The number of ex-service personnel seeking help for mental ill health or post-traumatic stress disorder (PTSD) has risen by 26% in the past year, according to veterans’ mental health charity Combat Stress.
The charity said the increase is largely down to a marked rise in the number of those who served in Iraq and Afghanistan seeking help.
“We are very concerned at the significant rise in those coming forward with military PTSD,” said Dr Walter Busuttil, director of medical services at Combat Stress. “It is the biggest increase we have seen in recent years and we expect it to continue, so we are building up our clinical services accordingly. The good news is that we do have treatments that work.”
Indeed, research recently published in BMJ Open shows that the specialist PTSD residential programmes offered at Combat Stress’ treatment centres is an effective treatment for veterans with psychological injuries.
Results of the 2-year study show that veterans who completed Combat Stress’ PTSD Intensive Treatment Programme (ITP) had “significant improvements” in their PTSD and other mental health symptoms, including depression and anxiety. In addition, 87% saw a reduction in their PTSD symptoms. This improvement was maintained at their six-month follow-up.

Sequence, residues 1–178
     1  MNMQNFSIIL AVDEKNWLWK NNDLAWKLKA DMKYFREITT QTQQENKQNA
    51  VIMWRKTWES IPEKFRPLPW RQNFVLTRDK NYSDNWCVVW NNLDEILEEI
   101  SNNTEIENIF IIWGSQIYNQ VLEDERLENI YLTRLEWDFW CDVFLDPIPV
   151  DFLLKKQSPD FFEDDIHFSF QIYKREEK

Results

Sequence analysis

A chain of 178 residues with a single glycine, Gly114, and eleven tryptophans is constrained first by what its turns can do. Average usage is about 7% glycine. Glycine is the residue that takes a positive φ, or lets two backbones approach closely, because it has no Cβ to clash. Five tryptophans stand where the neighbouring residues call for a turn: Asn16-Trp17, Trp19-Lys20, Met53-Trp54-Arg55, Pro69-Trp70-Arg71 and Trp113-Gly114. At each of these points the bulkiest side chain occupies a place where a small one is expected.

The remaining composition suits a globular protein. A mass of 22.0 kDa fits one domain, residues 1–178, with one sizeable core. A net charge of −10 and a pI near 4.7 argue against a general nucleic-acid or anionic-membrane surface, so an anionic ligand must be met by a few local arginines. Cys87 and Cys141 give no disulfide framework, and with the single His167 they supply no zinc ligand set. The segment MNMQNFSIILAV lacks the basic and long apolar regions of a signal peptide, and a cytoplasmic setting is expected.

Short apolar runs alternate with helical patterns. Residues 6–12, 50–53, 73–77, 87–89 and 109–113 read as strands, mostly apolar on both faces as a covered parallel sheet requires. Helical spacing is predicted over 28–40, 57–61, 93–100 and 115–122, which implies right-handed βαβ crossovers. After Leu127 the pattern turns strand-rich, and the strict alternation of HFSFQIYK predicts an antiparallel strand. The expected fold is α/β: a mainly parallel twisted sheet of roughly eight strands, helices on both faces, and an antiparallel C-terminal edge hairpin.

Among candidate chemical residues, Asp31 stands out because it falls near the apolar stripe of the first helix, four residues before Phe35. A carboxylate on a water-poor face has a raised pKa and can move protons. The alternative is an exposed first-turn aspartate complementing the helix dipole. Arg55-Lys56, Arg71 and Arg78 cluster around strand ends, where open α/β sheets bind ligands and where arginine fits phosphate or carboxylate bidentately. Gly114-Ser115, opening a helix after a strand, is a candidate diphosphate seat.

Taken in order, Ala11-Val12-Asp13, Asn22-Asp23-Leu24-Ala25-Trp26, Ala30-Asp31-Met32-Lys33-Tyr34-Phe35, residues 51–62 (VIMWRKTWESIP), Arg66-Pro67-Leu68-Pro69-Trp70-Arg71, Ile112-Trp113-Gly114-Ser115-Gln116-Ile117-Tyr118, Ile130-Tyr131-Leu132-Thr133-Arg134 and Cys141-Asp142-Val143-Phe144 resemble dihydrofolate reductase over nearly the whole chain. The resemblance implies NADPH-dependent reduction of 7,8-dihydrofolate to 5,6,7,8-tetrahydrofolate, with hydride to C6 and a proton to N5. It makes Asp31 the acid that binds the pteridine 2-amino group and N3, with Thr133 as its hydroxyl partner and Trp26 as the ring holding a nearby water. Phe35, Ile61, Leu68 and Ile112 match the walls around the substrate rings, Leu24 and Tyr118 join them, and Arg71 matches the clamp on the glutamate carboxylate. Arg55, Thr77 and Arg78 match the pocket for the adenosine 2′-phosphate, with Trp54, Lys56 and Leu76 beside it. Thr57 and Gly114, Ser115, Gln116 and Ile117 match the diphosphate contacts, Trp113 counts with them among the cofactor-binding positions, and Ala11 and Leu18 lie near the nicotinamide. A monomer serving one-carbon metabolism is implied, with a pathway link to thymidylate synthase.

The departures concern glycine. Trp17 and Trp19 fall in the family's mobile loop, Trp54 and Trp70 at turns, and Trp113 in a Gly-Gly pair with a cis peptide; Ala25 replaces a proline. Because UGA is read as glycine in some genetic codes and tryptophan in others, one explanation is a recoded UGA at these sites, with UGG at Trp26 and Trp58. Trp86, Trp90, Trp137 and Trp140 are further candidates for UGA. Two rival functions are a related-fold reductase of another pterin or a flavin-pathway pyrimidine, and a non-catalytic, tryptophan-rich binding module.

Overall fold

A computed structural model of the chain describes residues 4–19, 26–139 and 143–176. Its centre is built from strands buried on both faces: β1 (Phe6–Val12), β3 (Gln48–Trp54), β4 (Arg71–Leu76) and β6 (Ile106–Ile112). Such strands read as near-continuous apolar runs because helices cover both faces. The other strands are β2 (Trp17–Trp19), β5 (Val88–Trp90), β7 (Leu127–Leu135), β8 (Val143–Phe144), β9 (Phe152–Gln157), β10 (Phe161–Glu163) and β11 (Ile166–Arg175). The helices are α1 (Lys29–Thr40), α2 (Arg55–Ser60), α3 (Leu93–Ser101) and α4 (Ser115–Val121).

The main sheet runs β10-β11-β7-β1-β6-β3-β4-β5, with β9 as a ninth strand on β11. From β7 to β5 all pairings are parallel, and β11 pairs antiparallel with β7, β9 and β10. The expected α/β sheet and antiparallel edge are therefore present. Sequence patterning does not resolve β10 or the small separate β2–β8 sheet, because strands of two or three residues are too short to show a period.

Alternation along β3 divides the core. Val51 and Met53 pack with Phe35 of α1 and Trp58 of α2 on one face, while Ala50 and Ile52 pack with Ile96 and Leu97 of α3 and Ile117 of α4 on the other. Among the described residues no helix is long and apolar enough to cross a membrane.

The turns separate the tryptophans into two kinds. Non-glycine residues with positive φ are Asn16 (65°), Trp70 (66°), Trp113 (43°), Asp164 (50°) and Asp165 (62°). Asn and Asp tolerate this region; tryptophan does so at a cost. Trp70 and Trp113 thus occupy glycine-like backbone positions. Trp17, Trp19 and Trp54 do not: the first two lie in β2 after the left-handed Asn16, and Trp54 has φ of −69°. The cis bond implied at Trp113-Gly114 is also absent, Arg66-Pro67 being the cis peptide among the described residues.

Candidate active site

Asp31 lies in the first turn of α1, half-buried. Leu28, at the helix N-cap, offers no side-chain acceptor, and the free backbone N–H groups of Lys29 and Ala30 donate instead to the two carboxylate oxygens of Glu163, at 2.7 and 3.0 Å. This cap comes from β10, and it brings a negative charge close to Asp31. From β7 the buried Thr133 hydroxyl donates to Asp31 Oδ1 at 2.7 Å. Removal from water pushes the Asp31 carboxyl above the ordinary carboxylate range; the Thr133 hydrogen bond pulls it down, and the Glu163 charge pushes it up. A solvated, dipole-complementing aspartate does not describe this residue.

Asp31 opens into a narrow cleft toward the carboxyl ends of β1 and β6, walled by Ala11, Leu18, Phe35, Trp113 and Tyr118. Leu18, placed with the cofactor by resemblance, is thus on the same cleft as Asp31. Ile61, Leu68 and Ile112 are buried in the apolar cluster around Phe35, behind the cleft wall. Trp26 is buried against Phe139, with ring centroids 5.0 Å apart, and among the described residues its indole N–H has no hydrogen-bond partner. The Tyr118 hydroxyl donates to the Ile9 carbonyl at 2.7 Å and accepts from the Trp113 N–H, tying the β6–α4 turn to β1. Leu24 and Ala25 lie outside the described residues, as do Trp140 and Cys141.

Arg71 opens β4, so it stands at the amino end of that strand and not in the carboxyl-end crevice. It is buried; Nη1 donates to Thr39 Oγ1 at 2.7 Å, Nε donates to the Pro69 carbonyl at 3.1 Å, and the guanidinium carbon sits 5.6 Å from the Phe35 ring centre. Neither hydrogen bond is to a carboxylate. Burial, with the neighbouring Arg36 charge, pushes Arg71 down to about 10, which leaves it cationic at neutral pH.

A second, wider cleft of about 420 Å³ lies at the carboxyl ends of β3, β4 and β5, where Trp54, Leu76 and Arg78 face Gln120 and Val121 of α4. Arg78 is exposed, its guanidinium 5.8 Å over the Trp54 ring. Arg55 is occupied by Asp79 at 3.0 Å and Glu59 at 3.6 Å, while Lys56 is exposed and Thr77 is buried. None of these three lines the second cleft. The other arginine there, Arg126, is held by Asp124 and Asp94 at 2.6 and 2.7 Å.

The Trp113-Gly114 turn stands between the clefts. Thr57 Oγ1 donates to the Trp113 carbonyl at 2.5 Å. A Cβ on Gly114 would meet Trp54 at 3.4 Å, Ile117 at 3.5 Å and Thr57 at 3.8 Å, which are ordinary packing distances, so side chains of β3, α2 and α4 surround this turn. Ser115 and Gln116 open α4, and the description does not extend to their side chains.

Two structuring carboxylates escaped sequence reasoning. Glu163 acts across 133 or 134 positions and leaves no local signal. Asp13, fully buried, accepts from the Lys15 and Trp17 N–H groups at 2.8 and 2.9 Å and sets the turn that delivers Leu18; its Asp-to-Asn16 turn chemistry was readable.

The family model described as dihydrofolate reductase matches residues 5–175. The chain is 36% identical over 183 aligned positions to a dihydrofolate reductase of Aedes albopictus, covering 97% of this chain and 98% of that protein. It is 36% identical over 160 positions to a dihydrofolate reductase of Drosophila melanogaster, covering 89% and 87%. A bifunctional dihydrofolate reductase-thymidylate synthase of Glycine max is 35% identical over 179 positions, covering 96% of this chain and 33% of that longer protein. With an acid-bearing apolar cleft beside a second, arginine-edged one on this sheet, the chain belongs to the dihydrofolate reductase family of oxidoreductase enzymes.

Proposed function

The findings show that offering treatment specifically designed for veterans is effective for ex-military personnel with PTSD. The research also showed that veterans engaged well in the treatment and drop-out rates from the programme were low.
Dr Dominic Murphy of Combat Stress, author of the paper, said: “This study demonstrates great improvements in veterans suffering from PTSD during and, importantly, after treatment with Combat Stress. This shows we can effectively reduce their PTSD symptoms – such as flashbacks – and also reduce depression, anxiety and anger problems. The results also show significant improvements in areas such as ability to work and fit into the community. Overall this means a real improvement in quality of life for these Veterans and, by extension, their families.”
The ITP is currently funded by the NHS and free to veterans as part of their recovery and rehabilitation at Combat Stress. The programme consists of individual and group sessions, including trauma-focused cognitive behavioural therapy (TF-CBT) sessions.
“The programme has three key elements,” said Dr Busuttil. “We provide group education about their symptoms, then group skills training to help them cope better, as well as individual TF-CBT to help them face-up and process what has happened to them.”